Thunder Bay River Streambank Restoration
Thunder Bay River Watershed,
Thunder Bay River Watershed Council
Basin Program Funds:
Sediment currently introduced by erosion from river banks, shorelines and
road/stream crossing has had serious and growing negative impact on water
quality. This is apparent in the gradual, but documentable, decline in quality
fisheries habitat throughout the Thunder Bay river system.
The purpose of the Thunder Bay River Streambank Restoration project is to
install streambank erosion control demonstration sites at selected locations
along the Thunder Bay River to serve as a catalyst for future stabilization
Five sites with high visibility to the community will be chosen
to demonstrate the effective use of stabilization techniques to prevent further
soil erosion. An information/education component of the project will publicize
the results of the demonstration projects through various vehicles such as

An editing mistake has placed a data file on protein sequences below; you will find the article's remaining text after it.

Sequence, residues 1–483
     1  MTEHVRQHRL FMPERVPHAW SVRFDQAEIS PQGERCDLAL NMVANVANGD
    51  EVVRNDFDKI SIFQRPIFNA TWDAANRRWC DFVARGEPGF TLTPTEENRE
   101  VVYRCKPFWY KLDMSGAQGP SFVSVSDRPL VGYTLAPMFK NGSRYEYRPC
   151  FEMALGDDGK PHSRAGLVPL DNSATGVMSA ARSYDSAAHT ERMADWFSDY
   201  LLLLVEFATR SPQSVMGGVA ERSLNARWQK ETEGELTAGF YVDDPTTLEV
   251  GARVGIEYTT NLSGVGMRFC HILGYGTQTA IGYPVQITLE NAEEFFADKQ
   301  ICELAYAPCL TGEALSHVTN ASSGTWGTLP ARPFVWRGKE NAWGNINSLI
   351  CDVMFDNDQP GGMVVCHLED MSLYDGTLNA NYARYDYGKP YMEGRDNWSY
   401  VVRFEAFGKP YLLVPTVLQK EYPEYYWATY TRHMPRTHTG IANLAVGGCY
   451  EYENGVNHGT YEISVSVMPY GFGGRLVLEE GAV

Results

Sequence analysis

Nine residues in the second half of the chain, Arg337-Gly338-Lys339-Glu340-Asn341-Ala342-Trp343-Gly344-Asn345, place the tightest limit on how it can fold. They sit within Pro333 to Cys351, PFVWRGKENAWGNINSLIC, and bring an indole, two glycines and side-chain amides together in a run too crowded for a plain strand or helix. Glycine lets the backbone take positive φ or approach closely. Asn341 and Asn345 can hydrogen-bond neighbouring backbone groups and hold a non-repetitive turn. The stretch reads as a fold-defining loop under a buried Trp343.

newspaper articles, the Thunder Bay Watershed Council newsletter and television.
The Great Lakes Basin Program is spending $10,000 over a 12 month
period to support the installation of 5 streambank erosion control measures.
Seven streambank sites totaling 2,380 lineal feet have been rehabilitated using
various techniques such as rock rip-rap, toe stabilization with tree revetment,
and bank seeding with jute netting. Approximately 125 cubic yards per year of
sand have been prevented from eroding at these restored sites. One of the demonstration
sites has been publicized through the Thunder Bay Watershed Council's newsletter
(distribution of 200), the Huron Pines RC&D newsletter (distribution of 250),
the Alpena local newspaper (distribution of 12,000) and at a NRCS meeting in
which 250 people were in attendance. This site demonstrates the use of whole
tree revetment anchoring method, seeding, hay mulch and jute netting. This technology
has been transferred to an engineering firm doing similar restoration at the
Air National Guard base in Alpena.
As a result of this project, the Thunder Bay Watershed Council
has collaborated with the Federal Energy Relicensing Commission (FERC) in
developing actual restoration scenarios and cost estimation for restoration
associated with hydroelectric generation.
Contact: Thomas Williams, (517) 354-6186